Please stop sharing this patronizing, self-righteous meme about “kids with special needs.”

There’s a meme I see about “kids with special needs” that I see making its way around social media every few months. I know that the people who post it do so in good faith. However, their actions, while well-meaning, are deeply flawed. As the brother of somebody who has special needs, and as a physician who is dually specialized as both a pediatrician and an internist, I have a request to the entire Internet: please STOP sharing this meme.

Here’s the meme:

KIDS WITH SPECIAL NEEDS ARE NOT WEIRD OR ODD. THEY ONLY WANT WHAT EVERYONE ELSE WANTS… TO BE ACCEPTED!! CAN I MAKE A REQUEST? IS ANYONE WILLING TO POST THIS IN HONOR OF ALL CHILDREN MADE IN A UNIQUE WAY. LET’S SEE WHO HAS A STRONG HEART 

First of all, it is based on a stereotype. It’s not talking about “kids with cerebral palsy” or “kids with autism” or “blind kids” or “deaf kids” or “kids with ADHD” or “kids with glutaric acidemia type 2.” Instead it’s talking in general “kids with special needs.” There are all kinds of special needs. Some kids are intellectually disabled. Some kids are physically disabled. Some are a combination of both. Not all disabilities are created equal. And, all disabilities have degrees. Many people with intellectual disabilities are still very high-functioning in daily living. This meme is based on societal stereotypes of people with disabilities.

Second, it’s extremely patronizing. Of course my brother isn’t “weird” or “odd”— that is, no more or less than anybody else’s big brother is. Why does somebody feel like this needs to be pointed out?

Third, it’s extremely self-righteous and presumptive to claim to speak for him. It is extremely self-righteous and presumptive to claim to understand what he wants, i.e., “to be accepted.” My brother is a human being like everyone else, and one can’t just make a blanket statement of what “they” want. I’d wager he doesn’t care one bit whether you accept him or not, and given a choice, he’d rather have a donut.

Finally, this idea of sharing this to see “who has a strong heart” has nothing to do with actually advocating for people with disabilities and solving the actual problems of discrimination that people with disabilities actually face in real life. Rather, it is a way for people to just feel self-righteous on the Internet, to feel like they “did something” to help the “needy.” Again, it’s patronizing to people with special needs, treating them as objects to be pitied instead of as unique humans.

In her TED talk “I’m not your inspiration, thank you very much,” Australian comedian, journalist, and disability rights activist Stella Young discusses what she calls “inspiration porn.” This is the popular portrayal of disabled people as “inspirational” simply by virtue of being disabled. It is where able-bodied people treat the disabled as being extraordinary just for doing ordinary tasks. She criticizes this behavior as a way of treating the disabled as “others,” and as a way of dehumanizing them. As was spoken by a character on the ABC sitcom Speechless, “It’s a portrayal of people with disabilities as one-dimensional saints who only exist to warm the hearts and open the minds of able-bodied people.”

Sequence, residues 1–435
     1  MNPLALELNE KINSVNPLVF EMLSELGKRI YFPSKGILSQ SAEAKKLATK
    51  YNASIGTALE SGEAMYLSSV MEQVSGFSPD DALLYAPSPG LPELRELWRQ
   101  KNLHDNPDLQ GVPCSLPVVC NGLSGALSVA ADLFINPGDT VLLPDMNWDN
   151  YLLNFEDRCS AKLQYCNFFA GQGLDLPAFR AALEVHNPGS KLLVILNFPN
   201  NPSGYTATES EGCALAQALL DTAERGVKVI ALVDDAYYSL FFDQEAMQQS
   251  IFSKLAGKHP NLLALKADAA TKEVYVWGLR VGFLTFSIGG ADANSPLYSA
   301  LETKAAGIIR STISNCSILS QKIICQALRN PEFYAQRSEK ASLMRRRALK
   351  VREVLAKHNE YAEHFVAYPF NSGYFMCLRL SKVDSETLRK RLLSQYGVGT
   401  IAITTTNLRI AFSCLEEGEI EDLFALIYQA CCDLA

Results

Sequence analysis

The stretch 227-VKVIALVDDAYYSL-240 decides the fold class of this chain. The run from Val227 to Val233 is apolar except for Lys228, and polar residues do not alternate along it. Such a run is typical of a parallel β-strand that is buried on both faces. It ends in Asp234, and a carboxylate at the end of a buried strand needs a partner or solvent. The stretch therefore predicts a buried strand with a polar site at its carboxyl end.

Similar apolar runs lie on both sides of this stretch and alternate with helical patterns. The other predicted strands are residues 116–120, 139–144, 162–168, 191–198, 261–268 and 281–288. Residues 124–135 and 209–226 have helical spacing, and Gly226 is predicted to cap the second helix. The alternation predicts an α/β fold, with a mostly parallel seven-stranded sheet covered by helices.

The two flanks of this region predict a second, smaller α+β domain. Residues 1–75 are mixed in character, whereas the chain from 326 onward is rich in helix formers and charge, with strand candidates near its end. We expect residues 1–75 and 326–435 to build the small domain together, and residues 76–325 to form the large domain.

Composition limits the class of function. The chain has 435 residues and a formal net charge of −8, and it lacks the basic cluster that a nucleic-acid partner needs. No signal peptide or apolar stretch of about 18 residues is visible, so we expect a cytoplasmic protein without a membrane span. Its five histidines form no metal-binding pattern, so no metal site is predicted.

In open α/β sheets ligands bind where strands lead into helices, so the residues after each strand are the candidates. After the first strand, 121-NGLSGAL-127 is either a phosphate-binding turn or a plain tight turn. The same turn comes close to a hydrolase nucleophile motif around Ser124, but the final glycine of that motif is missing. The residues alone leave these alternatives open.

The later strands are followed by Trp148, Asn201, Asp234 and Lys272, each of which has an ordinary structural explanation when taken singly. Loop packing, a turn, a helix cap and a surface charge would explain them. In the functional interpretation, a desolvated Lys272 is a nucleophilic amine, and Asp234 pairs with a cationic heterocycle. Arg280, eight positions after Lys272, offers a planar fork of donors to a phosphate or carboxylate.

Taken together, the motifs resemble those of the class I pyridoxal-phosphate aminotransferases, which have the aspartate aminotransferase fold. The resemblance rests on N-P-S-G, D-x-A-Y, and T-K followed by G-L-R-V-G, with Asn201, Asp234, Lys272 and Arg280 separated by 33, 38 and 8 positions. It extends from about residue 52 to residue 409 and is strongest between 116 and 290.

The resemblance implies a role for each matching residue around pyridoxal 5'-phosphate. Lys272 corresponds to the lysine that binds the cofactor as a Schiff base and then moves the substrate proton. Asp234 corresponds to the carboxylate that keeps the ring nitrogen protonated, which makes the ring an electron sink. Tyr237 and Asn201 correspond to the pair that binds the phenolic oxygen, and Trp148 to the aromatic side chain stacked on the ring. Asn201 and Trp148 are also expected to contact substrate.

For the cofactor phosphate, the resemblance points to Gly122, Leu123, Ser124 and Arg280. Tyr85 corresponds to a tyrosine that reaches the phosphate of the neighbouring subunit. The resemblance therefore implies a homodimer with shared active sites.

This meme does the exact same thing.

And this isn’t just a problem with “political correctness.” This has very real impact on people’s lives. Memes like this perpetuate stereotypes about people with disabilities, and those stereotypes find their way into the law. The most egregious example of this I can think of is Texas’ former “Lennie standard” for determining if somebody is legally “intellectually disabled.” The Supreme Court had previously ruled that it is unconstitutional to execute people who are intellectually disabled. In response to this, the state of Texas established its legal “intellectual disability” standard, which was based not only on grossly outdated medical criteria, but also on whether or not the prisoner is more or less “able” than the character “Lennie” in John Steinbeck’s novel Of Mice and Men. A legal standard for determining if somebody could be put to death was based in part on a fictional character, who himself was based on a stereotype of a person with an intellectual disability. Fortunately, Texas’ legal standard was ruled unconstitutional by the Supreme Court in 2017.

Memes like this one are part of that problem, part of the perpetuation of the “Lennie standard” in society. So, please stop being part of the problem. Please stop sharing this meme.

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